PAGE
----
8. Lack of transparency & accountability: Most institutions claiming to be transparent and accountable are not so in reality. Governments often do not disclose information about their workings, which leads to corruption. Moreover, when an institution (like the police) is not held responsible for its actions, it abuses power. Similarly, the media also needs to be accountable; otherwise, it spreads misinformation.
  9. Gender inequality: Unequal gender treatment continues to be a pervasive issue in our world. The gender pay gap exists in every country, and there is a very small representation of women in business leadership (only 6.6% of Fortune 500 CEOs). Women also have limited access to opportunities, especially in developing countries. Finally, violence against women, inside and outside homes, has still not been eradicated. 
  10. Uncritical attitudes: While most societies take pride in being guided by reason, it is rarely true in its entirety. For example, in the era of social media, misinformation and conspiracy theories circulate on a daily basis. 

Ideal Culture vs Real Culture

By comparing the actual values of real culture with those of ideal culture, we can take thoughtful steps toward improving our society. 

The concept of real culture and ideal culture was introduced by the German sociologist Max Weber (1922). According to him, ideal culture is what a society aspires to be, while real culture is what it actually is. 

Real culture includes the values & practices that actually exist in society. These are usually not the same as the ideals and can include negative elements like prejudices or inequalities.  

We can then compare the results against our ideal culture. 

Such a comparison would help us improve our world in meaningful ways, taking us closer to our ideals. Weber’s concepts emphasize the dynamic and ever-evolving nature of culture that is made out of an interplay between ideas and reality. 

Why Sociologists Study Real Culture

By studying real culture through quantifiable measures, we gain an objective understanding of society.

Real culture, as we have been discussing, consists of values and practices that actually exist in a particular society. Ideal culture, on the other hand, is what society aspires to be. The latter, being aspirational, is sometimes not very concrete.

The former, however, can be measured in quantifiable terms, and it allows us to take concrete steps to address the associated problems. In our discussions earlier, we talked about the gender pay gap: in the United States, women make 82 cents for every dollar men make. 

So, with the help of such data, policymakers can take steps to eradicate such discrimination. They can also look at the intersection of various features, like race and gender, to create policies that target such marginalized groups.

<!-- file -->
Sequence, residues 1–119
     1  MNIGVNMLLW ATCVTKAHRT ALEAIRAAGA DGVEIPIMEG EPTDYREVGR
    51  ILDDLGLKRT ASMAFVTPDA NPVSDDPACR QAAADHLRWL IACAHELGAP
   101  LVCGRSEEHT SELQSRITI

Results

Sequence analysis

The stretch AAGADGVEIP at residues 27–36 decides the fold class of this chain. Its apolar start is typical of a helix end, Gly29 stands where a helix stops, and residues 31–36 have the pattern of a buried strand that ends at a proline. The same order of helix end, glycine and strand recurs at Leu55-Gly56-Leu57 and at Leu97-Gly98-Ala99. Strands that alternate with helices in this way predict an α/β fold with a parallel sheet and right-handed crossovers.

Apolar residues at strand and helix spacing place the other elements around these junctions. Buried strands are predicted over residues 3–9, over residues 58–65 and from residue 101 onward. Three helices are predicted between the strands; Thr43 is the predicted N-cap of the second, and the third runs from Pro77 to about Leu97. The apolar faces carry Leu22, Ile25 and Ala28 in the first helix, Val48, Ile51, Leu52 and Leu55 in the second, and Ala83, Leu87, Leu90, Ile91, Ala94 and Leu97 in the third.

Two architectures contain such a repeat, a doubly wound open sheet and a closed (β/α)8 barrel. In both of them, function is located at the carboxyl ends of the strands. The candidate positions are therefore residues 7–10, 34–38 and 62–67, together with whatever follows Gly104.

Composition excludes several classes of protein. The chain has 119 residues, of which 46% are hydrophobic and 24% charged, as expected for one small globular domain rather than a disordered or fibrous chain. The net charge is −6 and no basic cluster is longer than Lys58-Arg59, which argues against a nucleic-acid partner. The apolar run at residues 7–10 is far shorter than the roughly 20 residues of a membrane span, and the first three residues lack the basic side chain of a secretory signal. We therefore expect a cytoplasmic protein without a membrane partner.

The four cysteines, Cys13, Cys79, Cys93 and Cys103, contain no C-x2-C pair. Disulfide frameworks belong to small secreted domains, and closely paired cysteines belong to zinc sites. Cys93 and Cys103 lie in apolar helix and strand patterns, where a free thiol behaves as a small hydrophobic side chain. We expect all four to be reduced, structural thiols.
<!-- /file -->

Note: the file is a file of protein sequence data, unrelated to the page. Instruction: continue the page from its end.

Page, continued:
Quantifiable data also helps us move away from generalized assumptions. For example, everybody believes that America is the richest country—indeed, its GDP is the highest in the world—but a more thorough study would tell us that 34 million Americans still live in poverty.

So, by taking into account these specific measures of real culture, we can gain a fuller understanding of a particular culture.


Real culture tells us the real values and practices of a society—it paints a picture of the society as it is.

It is often studied along with ideal culture, which is an idealized version of society; what the society aspires to become. A comparison of the two allows us to understand how far a society’s aspiration lies from its achievement.

Subsequently, it helps us take thoughtful steps to close the gap between the ideal and the real.


Geertz, C. (1973). The interpretation of cultures: Selected essays. Basic Books.

Gramlich, John (2022). “What the data says about gun deaths in the U.S.” Pew Research.

Intergovernmental Panel on Climate Change (IPCC). (2019). Summary for Policymakers.

National Coalition Against Domestic Violence. National Statistics. Weber, M. (1922/1947). The theory of social and economic organization. Free Press.

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Sourabh Yadav is a freelance writer & filmmaker. He studied English literature at the University of Delhi and Jawaharlal Nehru University. You can find his work on The Print, Live Wire, and YouTube.

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This article was peer-reviewed and edited by Chris Drew (PhD). The review process on Helpful Professor involves having a PhD level expert fact check, edit, and contribute to articles. Reviewers ensure all content reflects expert academic consensus and is backed up with reference to academic studies. Dr. Drew has published over 20 academic articles in scholarly journals. He is the former editor of the Journal of Learning Development in Higher Education and holds a PhD in Education from ACU.